The new business idea is coming together, the circle of friends and advisors is tightening and it’s time to pull the proverbial trigger on this thing. The questions arise, “who’s in?” “who’s out?” and “how do we set this up?” During the initial startup phase, it is important to keep key players involved, and maintain the flexibility to let them go if things aren’t working out. Most startups don’t have the cash to pay salaries high enough to keep people involved, so a mix of compensation options is often on the table. A common solution is restricted stock (or restricted units in the LLC context), which is equity that is subject to certain contractual restrictions on its ownership, typically including: Continue Reading Are You In or Out: Equity Incentives for Emerging Companies
There are many ways to raise capital for your startup… and many potential pitfalls. While the initial conversation may center on “how much do we need?”, startup companies should also take some time to discuss “how do we structure this financing?”. Your startup may have short-term or long-term needs, may desire long-term investment and involvement from VC investors, may or may not know the valuation of the company, etc. The answers to these types of questions may factor in to choosing which capital-raising method works best for you and your company.
Before you can determine what approach is right for you, it’s helpful to figure out what the different options are and how they work. The list below contains a brief description of the most common methods by which a company can raise capital. Continue Reading Show Me the Money: Financing Options for Startups
According to BrandFinance’s annual report on the world’s most valuable brands, the GOOGLE trademark is the most valuable brand in the world; worth over $100,000 million. So how is it that the world’s most valuable brand is the subject of a claim that it has become generic and is no longer protectable?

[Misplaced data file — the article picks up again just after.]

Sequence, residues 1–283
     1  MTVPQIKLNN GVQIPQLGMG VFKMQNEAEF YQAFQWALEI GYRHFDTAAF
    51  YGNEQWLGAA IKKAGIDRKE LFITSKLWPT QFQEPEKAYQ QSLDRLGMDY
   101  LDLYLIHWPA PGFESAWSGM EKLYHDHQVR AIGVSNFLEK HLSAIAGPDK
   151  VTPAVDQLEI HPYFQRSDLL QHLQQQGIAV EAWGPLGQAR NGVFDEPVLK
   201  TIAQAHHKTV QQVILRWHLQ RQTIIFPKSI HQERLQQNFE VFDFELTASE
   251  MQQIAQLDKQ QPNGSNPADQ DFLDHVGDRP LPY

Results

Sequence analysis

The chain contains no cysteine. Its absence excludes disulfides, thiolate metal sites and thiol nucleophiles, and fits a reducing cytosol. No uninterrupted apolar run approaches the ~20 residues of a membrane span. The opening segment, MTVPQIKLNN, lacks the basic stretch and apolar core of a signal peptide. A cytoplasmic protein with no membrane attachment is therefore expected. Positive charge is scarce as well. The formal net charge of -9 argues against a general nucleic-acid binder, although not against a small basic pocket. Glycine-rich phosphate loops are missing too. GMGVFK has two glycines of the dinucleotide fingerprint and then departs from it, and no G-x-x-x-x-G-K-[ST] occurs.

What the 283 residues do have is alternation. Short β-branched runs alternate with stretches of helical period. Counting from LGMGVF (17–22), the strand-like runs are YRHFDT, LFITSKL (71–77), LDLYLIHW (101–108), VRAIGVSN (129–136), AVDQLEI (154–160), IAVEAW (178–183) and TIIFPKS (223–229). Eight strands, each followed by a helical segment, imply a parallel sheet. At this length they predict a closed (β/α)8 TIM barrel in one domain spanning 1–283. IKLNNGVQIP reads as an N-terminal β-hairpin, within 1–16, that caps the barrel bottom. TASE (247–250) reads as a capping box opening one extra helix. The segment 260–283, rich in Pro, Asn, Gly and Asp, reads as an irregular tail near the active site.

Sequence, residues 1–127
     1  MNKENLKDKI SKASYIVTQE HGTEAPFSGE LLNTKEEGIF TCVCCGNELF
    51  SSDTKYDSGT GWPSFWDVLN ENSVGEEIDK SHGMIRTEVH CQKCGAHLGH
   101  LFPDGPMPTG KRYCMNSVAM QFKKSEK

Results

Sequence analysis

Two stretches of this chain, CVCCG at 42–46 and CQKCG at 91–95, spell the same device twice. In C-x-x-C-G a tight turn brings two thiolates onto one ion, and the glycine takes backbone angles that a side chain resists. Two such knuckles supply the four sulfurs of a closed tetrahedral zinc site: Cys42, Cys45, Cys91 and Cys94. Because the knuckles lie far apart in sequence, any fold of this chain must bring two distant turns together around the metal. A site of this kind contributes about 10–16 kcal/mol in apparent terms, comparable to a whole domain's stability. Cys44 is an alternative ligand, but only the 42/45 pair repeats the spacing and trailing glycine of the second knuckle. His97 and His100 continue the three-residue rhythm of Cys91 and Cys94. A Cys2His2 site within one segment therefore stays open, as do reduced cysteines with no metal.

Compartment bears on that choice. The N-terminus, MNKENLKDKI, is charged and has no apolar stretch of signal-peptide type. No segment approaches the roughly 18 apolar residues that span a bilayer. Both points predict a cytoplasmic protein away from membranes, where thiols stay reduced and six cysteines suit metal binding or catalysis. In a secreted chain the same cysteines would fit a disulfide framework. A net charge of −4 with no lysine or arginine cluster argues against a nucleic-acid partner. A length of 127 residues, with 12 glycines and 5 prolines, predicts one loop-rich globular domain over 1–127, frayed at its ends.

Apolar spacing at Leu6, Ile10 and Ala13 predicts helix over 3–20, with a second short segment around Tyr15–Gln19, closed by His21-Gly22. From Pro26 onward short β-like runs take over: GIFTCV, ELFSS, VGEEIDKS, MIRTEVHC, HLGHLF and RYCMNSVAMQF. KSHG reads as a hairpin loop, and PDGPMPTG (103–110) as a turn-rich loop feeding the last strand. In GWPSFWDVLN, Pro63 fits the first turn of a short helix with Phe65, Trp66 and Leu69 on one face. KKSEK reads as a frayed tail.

When a trademark owner develops a product category that is new to the marketplace, its success in branding can sometimes be its demise if the brand loses its significance as a trademark and becomes the generic name for the product itself. Think aspirin, escalator, laundromat, and kerosene.
While all of us should be so lucky to develop a brand that becomes so well-known it becomes vulnerable to a trip to the trademark graveyard, this case is a good reminder to all brand owners to have processes in place to avoid such a finding.
Intellectual property (IP) is a key component of almost every startup’s business. It can distinguish a startup from its competition, attract potential investors, and provide a foundation for future success. Because IP can be such an important part of a company, startups are often eager to disclose their innovations, technology and other IP when pitching their company to investors or when presenting to the public at events such as #TechweekKC. However, a startup’s failure to properly protect its IP prior to making these outside disclosures can have unintended and sometimes devastating effects. Below are just a few reasons why startups should strongly consider their IP protection strategy before revealing their IP to the public.